Politics

Senate Expected To Push Build Back Better Vote Into 2022

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Michael Ginsberg Congressional Reporter
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Senate Democrats will not pass the Build Back Better Act until 2022, following a collapse in negotiations between President Joe Biden and West Virginia Sen. Joe Manchin, multiple outlets reported.

Talks between Biden and Manchin broke down over a child tax credit extension, CNN’s Manu Raju reported. The Build Back Better Act would have extended the $3,600 credit for young children, and $3,000 credit for children ages 6-17 included in the American Rescue Plan (ARP) through 2022, and would not have included a work requirement. Manchin supported the work requirement, while Biden and House Democrats opposed it.

Without an extension of the ARP’s child tax credit, the benefit will revert to the $2,000 credit included in the 2017 Tax Cuts and Jobs Act. That credit will expire in 2025. (RELATED: ‘I’m Comfortable With Zero’: Manchin Reportedly Willing To Tank Reconciliation To Avoid Overspending)

Although the Build Back Better Act would only extend the child tax credit through 2022, many Democrats have called for it to be made permanent. If made permanent, the expanded credit would cost American taxpayers nearly $1.6 trillion over a ten-year period, an analysis from the Congressional Budget Office found.

Manchin also expressed concerns about inflation, following the release of data showing that price increases have hit a 39-year high. After the senator described the numbers as “alarming,” Biden expressed pessimism that he could convince Manchin to support the social spending package.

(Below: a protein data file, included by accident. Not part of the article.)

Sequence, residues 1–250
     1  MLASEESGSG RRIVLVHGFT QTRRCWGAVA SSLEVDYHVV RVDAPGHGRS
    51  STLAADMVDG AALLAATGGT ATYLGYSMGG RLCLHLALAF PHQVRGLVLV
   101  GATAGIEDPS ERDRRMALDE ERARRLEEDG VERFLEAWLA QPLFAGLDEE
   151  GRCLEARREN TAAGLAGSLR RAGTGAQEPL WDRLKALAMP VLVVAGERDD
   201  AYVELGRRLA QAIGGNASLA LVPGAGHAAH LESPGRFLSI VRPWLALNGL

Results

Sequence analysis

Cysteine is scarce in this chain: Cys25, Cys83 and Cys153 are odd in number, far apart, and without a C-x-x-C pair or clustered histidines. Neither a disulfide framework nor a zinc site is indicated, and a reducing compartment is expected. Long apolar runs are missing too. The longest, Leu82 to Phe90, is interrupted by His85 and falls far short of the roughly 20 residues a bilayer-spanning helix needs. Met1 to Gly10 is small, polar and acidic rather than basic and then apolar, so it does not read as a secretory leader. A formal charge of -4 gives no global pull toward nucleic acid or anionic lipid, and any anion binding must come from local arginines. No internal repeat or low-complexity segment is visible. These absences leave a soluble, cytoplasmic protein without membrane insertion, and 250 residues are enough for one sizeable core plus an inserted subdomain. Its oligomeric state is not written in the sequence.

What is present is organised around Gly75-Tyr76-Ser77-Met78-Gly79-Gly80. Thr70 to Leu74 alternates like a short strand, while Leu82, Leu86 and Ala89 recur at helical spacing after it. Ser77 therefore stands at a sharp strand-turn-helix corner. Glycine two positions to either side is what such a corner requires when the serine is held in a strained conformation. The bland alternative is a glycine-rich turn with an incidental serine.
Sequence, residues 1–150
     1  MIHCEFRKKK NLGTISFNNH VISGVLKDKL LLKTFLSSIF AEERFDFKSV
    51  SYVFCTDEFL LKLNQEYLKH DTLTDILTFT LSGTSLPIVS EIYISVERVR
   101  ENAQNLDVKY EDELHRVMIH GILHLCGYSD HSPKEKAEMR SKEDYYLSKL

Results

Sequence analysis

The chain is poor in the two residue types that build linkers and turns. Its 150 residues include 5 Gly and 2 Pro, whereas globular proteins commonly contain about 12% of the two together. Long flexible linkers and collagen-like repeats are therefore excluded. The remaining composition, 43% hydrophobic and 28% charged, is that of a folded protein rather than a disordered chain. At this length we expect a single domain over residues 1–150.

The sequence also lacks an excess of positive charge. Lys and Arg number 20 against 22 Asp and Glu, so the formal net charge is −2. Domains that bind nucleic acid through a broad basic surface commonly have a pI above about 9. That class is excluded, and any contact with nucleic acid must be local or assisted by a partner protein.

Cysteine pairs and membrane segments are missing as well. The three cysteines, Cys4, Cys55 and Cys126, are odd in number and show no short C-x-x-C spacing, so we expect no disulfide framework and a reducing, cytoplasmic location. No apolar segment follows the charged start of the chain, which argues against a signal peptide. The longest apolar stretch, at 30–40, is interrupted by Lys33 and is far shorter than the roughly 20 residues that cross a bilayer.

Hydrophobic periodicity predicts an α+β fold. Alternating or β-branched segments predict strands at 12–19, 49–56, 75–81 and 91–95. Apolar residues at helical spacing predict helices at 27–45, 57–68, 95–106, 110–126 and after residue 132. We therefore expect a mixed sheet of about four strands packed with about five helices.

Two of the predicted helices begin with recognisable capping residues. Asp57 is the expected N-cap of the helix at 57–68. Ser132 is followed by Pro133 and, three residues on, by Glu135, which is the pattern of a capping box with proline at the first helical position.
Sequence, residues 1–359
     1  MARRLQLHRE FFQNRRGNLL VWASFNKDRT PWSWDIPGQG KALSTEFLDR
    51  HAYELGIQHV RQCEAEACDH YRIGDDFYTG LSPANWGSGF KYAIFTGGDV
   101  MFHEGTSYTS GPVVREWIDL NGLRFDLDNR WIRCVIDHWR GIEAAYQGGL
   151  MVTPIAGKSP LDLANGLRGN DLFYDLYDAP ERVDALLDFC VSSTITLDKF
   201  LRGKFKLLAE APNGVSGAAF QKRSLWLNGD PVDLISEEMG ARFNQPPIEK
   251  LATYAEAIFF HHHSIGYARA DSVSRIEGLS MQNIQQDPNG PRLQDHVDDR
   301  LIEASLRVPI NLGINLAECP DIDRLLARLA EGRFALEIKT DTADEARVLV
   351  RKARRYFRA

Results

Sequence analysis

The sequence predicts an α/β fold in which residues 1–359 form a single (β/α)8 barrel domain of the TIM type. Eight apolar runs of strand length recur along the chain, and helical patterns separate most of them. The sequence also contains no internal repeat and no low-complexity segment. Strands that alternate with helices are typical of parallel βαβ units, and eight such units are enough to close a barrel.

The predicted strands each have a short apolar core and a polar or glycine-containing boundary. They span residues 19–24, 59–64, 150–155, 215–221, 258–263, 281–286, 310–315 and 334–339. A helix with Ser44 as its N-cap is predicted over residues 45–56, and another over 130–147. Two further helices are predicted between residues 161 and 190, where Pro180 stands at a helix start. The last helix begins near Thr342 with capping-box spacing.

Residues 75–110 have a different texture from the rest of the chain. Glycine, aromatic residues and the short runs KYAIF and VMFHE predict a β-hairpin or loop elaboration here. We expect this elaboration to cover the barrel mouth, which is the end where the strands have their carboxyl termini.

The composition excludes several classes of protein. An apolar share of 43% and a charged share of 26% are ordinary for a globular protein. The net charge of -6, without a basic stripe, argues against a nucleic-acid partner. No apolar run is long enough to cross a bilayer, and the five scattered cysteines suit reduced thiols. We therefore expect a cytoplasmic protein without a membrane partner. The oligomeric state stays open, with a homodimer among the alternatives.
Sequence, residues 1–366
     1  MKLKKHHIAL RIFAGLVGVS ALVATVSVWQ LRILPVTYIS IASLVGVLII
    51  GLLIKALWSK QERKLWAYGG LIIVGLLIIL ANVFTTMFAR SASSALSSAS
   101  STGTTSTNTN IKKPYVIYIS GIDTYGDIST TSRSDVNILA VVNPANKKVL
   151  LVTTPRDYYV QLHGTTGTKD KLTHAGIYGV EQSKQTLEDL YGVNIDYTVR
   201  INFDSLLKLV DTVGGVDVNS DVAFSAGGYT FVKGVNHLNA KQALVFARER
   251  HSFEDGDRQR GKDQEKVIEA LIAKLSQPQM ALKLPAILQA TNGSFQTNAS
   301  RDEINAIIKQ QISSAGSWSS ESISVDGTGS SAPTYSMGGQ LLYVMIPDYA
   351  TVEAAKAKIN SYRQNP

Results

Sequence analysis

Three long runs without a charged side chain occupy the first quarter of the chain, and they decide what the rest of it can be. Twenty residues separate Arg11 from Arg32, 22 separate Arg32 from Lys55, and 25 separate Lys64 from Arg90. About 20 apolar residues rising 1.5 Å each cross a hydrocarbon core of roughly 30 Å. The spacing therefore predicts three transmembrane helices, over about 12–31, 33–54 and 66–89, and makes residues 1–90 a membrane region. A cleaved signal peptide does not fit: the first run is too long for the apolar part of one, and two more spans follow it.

“I don’t know the answer to that,” Biden said on Dec. 10 when asked about Manchin’s support. “I’m going to be talking to him at the beginning of the week.”

Biden and Manchin spoke on Monday, but the two were unable to reach an agreement. Some Democrats had expressed frustration with Manchin’s ongoing negotiations, arguing that he should just vote on the bill.

I think it is appropriate for him to finally come to a conclusion as to what he will accept,” Illinois Sen. and Majority Whip Dick Durbin said Wednesday morning. “Let’s go home to our families. Let’s get our job done.”

Democrats will now turn their attention to election law changes, NBC News reported. Georgia Sen. Raphael Warnock has repeatedly urged the upper chamber to take up elections legislation. The latest bill under consideration, the Freedom to Vote Act, would make election day a federal holiday and require automatic registration nationwide. It eliminates an unpopular provision from the For the People Act that banned voter identification requirements.

The Freedom to Vote Act is unlikely to pass the Senate, however, with no Republicans expected to support the legislation.

The bill “subverts the First Amendment to supercharge cancel culture and the left’s name-and-shame campaign model. It takes redistricting away from state legislatures and hands it over to computers,” Senate Minority Leader Mitch McConnell said.

Warnock has pushed Democrats to create a filibuster carve-out that would prevent Republicans from using the maneuver on laws impacting elections, but Manchin has opposed such a change absent Republican involvement.